Yeah everything we shot was in the picture. I shoot very tight. David asked me to shoot a little bit more stuff than I would normally.
It's an interesting thing about series television that directors are alternated during the season. Do you think that benefits the show?
I think probably if they had the same director, it'd be easier. But I don't know how you do that; it'd be pretty tough. You know, you're doing an awful lot of stuff in a short amount of time.
Well, they aim for between ten and twelve days.
And, and is that pretty brutal? What kind of day does that mean?
Oh, they're fourteen-, fifteen-hour days.
Do you find yourself these days drawn more to being in front of the camera or behind it?
Oh, I go where the job is, you know? I like acting and I like directing. I haven't got a problem with either.
Is your heart more on one side? You started out as an actor.
Not really, I like doing both. I wouldn't want to do one or the other exclusively. I'm also writing. I just finished a book that's gonna be out this year. Knopf is publishing it in October.
What's the book?
It's called, 'Who the Hell's In It?' It's my observations and conversations and experiences with twenty-six superstars
Can you give us an example?
John Wayne, Cary Grant. James Stewart, Marlene Dietrich, Frank Sinatra Marlon Brando, Montgomery Clift, Audrey Hepburn, Jerry Lewis, Dean Martin, Sidney Poitier, Sal Mineo, River Phoenix-- like that.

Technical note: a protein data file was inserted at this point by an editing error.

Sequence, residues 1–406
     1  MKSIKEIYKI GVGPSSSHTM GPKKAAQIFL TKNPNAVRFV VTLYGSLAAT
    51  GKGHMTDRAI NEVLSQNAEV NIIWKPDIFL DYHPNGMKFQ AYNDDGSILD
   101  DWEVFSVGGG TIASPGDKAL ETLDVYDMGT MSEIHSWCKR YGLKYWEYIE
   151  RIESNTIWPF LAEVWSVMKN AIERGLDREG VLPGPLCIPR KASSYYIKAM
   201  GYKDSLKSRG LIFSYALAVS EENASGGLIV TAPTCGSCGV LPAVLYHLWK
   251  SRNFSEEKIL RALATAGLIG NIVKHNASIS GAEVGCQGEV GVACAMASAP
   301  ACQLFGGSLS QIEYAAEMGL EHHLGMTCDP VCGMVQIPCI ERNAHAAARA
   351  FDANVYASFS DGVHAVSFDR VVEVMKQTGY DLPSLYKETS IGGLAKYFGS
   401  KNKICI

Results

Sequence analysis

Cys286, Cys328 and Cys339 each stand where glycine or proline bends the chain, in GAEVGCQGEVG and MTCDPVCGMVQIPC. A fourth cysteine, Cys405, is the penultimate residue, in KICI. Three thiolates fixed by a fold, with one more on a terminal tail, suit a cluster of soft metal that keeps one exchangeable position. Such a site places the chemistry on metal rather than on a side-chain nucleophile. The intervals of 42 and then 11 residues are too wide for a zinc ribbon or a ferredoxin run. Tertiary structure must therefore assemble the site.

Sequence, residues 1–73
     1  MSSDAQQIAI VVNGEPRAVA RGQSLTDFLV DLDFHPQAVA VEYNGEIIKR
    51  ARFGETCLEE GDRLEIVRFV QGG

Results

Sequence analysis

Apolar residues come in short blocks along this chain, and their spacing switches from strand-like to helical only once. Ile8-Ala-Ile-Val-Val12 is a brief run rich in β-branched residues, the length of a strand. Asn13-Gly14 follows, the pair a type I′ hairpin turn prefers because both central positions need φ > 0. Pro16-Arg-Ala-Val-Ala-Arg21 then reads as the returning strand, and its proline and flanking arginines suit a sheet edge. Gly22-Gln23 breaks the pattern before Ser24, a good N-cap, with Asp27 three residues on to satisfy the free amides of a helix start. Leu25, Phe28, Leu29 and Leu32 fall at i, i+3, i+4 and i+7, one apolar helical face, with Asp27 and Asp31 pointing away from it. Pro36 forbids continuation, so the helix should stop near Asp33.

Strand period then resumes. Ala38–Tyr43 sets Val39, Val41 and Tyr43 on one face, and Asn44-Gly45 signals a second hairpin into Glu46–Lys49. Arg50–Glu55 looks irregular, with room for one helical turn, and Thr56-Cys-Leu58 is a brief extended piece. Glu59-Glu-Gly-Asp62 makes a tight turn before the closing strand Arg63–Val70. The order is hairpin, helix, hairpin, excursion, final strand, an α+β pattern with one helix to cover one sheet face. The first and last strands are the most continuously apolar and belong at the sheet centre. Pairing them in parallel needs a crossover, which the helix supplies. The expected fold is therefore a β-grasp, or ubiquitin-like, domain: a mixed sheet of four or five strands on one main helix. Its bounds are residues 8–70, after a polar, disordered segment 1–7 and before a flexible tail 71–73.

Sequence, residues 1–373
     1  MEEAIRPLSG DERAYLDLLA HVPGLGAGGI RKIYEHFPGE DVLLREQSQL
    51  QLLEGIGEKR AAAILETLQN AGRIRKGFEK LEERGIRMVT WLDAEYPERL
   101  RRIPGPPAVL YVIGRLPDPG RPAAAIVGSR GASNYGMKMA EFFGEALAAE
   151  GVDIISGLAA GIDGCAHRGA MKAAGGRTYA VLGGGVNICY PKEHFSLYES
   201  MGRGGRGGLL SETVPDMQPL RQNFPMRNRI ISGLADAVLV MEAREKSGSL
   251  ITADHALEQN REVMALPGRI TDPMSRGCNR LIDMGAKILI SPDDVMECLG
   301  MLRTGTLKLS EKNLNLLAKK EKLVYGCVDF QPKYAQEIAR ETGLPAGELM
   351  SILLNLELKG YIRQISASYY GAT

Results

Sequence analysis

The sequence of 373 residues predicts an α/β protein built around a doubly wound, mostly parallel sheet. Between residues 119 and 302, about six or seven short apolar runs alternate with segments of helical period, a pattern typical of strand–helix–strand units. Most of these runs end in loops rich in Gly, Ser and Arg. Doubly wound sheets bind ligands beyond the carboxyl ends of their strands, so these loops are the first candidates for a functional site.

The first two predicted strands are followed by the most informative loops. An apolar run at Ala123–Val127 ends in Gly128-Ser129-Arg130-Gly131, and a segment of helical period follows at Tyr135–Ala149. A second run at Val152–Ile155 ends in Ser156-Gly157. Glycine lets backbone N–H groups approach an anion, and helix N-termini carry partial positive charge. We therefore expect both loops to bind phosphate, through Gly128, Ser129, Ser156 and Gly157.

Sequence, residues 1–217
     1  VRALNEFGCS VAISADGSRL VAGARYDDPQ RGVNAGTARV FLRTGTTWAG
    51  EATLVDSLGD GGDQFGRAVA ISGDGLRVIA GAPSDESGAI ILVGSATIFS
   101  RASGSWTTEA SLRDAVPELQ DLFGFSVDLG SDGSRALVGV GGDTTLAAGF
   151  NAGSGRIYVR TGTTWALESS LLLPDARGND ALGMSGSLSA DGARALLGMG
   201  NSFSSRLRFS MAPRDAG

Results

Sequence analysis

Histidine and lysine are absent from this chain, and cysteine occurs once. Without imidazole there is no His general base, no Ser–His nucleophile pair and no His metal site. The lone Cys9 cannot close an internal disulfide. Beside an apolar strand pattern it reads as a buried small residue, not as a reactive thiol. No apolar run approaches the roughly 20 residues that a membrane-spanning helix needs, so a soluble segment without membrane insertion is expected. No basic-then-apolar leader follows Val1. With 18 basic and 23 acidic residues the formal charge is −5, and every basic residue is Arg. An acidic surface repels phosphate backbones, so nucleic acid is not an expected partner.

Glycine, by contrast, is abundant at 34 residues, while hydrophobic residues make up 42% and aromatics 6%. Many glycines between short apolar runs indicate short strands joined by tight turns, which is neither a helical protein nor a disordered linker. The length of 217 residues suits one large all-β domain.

On one of The Sopranos DVDs, you mention that you watched all of season one at one time.
Yeah, before I did the interview with David for the DVD, I looked at all of the first season's work in order. They sent me all thirteen and I looked at them all. I think I'd seen one or two but I hadn't seen the series.
It was extraordinary to watch it like that. Thirteen in a row, it was great. I didn't want it to end.[LAUGHTER] It was so riveting, so much better than most movies. It's an extraordinary piece of work, as a concept and the way they've carried it out. It's no coincidence that it's popular.
Do you you find yourself drawn to any of the characters, in particular?
Well, Edie Falco's character, I'm very fond of, very interested in.
But she's such a marvelous actress also. I like all the characters...I generally tend to be drawn to the women. But that's just me.
You've written a lot about film and film history. There have been a lot of popular mob movies and series-is there something different about 'The Sopranos' that you think resonates?
Yeah, because it's not really a mob show, even though it's about a guy who's in the Mafia. I don't think it's really a mob film in the way that 'The Godfather' or 'GoodFellas' was. I think it's more about America. It's more about a kind of slightly-more-violent-than-normal family.
But it's a dysfunctional family that I think represents a cross section of a certain kind of American public that isn't involved with the Mafia. That's why I think it resonates with people. It isn't just a mob show. It's more down to earth. It's about you and me and your neighbors. It's not about some people that you read about in the newspapers.
I think it has enormous cultural relevance to American life at the end of the twentieth century, the start of the twenty-first.